An employee=s obligation to provide notice to the employer of a personal injury does not begin to run until the employee, as a reasonable person, should recognize the nature, seriousness and probable compensable effects of a personal injury. Issaacson v. Minnetonka, Inc., 411 N.W.2d 865, 40 W.C.D. 270 (Minn. 1987). In 1997, the employee complained to his employer about right hand symptoms. However, the employee testified he had no knowledge these symptoms were caused by his employment until he saw Dr. Swanson in May 1998. The employee stated Dr. Swanson then told him he had carpal tunnel syndrome caused by his employment activities with the employer. It is unclear from the employee=s testimony whether Dr. Swanson provided this opinion on May 19, 1998, or when the employee called the doctor=s office for the results of the EMG test on May 28, 1998. In any event, the employee=s obligation to give notice commenced, at the latest, on May 28, 1998. On appeal, the issue is whether the employer had actual knowledge of the employee=s carpal tunnel injury to his right hand within 180 days of May 28, 1998.
The employee=s trial testimony on the issue of notice was equivocal. On direct examination, the employee was asked by his attorney whether he had Aany discussions with anyone at work, your supervisor, foreman, regarding your problems?@ The employee testified he told his foreman, Mr. Van Watermuelln: Aat the time I told the foreman I believe there was, well, like some of the truck drivers that always stand around, and they were all laughing. They said it was nothing. They=ve had it for years and that you can live with it.@ When asked the foreman=s response, the employee testified, A[w]ell, that would have been when he told me that it was just a pinched nerve. Just keep working. It would work itself out.@(T. 30-31.) On cross examination, the employee was asked whether he told Mr. Van Watermuelln what the doctor had told him after he returned to work for the employer in July 1998. The employee responded, A[y]es, sir, but I had spoke with him in >97, too, and told him what had happened. He is the one that told me that it was just a pinched nerve, keep working.@ (T. 54.) The employee further testified he reported to Mr. Van Watermuelln the results of the EMG test. On cross-examination, the employee was further questioned about a deposition obtained on August 5, 2000. The employee was asked in the deposition whether he told anyone about the symptoms he was having in 1998 and the employee answered no. (T. 57-58.)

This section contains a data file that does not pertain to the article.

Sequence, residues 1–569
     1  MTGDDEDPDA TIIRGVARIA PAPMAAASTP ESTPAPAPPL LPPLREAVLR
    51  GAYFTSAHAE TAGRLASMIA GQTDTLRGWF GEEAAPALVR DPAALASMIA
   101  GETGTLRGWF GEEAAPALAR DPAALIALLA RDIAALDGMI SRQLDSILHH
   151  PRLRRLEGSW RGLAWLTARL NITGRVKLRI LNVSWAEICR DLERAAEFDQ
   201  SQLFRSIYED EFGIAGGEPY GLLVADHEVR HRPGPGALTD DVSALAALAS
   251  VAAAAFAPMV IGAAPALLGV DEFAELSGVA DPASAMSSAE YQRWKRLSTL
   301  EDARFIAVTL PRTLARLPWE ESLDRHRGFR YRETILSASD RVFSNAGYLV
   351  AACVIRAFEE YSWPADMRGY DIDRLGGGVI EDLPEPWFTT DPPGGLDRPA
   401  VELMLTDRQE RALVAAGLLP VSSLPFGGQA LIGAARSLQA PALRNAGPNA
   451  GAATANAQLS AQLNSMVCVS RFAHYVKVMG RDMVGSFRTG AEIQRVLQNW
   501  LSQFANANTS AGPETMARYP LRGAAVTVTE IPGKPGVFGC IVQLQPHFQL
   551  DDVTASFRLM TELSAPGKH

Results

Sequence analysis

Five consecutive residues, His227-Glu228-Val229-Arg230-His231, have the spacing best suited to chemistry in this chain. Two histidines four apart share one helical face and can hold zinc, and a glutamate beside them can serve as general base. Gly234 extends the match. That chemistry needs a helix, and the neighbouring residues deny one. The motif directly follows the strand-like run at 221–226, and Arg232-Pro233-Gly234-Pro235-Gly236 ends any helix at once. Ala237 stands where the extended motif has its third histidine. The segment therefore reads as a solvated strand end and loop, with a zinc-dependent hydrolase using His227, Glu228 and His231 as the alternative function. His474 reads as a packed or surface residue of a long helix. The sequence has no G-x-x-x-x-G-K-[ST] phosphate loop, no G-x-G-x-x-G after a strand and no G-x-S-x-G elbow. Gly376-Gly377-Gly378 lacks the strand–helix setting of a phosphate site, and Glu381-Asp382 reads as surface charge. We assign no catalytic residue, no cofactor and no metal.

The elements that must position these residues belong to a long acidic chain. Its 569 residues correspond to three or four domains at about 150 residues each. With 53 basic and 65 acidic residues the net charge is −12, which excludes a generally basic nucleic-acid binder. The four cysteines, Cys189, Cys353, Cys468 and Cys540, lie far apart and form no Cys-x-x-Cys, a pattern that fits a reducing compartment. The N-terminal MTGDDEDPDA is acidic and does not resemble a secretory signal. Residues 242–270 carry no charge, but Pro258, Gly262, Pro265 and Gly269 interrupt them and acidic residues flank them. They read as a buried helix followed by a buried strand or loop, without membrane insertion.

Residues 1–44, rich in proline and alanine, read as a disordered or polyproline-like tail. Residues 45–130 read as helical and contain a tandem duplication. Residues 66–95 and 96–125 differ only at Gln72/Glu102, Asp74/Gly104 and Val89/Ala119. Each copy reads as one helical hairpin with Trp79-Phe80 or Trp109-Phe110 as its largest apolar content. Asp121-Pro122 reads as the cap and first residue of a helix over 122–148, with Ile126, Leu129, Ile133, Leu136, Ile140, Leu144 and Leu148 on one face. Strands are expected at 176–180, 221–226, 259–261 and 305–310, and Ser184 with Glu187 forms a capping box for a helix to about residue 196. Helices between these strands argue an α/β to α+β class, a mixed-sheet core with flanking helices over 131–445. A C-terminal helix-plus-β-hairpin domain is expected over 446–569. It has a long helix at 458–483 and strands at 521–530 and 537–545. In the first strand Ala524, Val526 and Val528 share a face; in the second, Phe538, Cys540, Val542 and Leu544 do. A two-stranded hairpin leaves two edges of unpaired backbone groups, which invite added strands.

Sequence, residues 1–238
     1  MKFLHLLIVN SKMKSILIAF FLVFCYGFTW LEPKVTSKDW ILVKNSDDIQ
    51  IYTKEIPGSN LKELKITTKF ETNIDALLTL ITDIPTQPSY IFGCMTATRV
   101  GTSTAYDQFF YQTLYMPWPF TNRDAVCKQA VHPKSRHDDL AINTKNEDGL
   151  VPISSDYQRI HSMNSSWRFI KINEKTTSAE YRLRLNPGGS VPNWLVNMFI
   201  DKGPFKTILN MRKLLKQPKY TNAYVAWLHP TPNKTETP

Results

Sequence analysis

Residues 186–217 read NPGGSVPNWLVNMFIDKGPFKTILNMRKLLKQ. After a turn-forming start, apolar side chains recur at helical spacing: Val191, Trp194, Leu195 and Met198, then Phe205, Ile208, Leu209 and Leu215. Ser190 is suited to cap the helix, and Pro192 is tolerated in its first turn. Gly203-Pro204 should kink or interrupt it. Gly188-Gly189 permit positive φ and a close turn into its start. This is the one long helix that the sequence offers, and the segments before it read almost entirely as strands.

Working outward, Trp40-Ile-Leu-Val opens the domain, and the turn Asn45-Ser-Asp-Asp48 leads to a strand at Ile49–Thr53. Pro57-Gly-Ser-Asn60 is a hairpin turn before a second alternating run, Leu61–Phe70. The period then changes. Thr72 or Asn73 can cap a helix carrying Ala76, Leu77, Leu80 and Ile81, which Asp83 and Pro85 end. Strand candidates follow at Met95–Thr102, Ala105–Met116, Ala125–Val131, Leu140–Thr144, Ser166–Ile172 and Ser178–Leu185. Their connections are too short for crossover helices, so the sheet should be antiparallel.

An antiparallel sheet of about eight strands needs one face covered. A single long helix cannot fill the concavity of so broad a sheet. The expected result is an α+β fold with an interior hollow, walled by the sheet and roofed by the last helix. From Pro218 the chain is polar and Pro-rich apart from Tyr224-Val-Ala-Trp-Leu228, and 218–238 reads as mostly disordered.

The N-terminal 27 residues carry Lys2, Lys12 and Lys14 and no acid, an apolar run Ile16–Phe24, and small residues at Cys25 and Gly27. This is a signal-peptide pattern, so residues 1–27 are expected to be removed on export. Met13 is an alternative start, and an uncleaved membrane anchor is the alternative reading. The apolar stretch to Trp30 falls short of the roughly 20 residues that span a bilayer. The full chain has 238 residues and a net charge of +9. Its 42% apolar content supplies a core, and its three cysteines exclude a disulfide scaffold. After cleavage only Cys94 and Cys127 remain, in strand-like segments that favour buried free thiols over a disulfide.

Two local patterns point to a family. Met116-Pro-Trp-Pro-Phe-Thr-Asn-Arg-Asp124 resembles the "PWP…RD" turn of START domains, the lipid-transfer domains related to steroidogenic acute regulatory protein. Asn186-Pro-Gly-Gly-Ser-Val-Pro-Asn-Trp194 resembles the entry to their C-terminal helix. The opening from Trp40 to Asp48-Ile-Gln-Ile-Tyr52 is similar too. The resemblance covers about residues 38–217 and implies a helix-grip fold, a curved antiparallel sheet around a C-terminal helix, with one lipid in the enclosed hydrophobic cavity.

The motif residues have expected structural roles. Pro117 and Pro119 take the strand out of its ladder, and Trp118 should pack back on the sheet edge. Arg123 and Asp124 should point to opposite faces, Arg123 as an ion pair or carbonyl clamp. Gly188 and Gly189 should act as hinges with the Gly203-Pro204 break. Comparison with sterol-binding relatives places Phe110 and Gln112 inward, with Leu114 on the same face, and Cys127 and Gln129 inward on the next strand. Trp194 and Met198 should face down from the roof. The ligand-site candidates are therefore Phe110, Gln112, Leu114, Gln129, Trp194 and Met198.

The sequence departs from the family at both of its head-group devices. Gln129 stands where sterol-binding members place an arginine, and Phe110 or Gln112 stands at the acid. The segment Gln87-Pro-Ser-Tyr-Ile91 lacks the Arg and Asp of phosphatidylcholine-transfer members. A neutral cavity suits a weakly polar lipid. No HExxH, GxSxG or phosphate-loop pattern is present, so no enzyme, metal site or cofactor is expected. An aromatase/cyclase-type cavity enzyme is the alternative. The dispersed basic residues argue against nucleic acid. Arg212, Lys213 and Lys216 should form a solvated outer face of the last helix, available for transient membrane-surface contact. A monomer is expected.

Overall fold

The employee sustained a work-related carpal tunnel injury to his right hand in May 1998. Admittedly, the employee reported symptoms of that injury to his employer within 180 days thereafter. That information, alone, is insufficient to constitute actual knowledge to the employer of the occurrence of an injury. AMere knowledge of disability following a traumatic injury is not sufficient, for the facts and circumstances of either the disability or the injury must be such as would put a reasonable man on inquiry that the injury is work-related.@ Davidson v. Bermo, Inc., 272 Minn. 97, 137 N.W.2d 567, 23 W.C.D. 623 (1965). The employee=s testimony on that essential fact was equivocal and contradictory. The compensation judge found the employee=s notice to the employer did not constitute actual knowledge within the meaning of the statute. Although the evidence was conflicting, the judge could reasonably conclude the employer did not receive timely information connecting the employee=s carpal tunnel syndrome and his work activities. AWhere the evidence is conflicting or more than one inference may reasonably be drawn from the evidence, the findings of the compensation judge are to be upheld.@ Hengemuhle v. Long Prairie Jaycees, 358 N.W.2d 54, 37 W.C.D. 235 (Minn. 1984). On this record, we cannot conclude the findings of the compensation judge are clearly erroneous or manifestly contrary to the weight of the evidence. Northern States Power Co. v. Lyon Food Prods., Inc., 304-196, 229 N.W.2d 521 (1975). The finding of the compensation judge is, therefore, affirmed.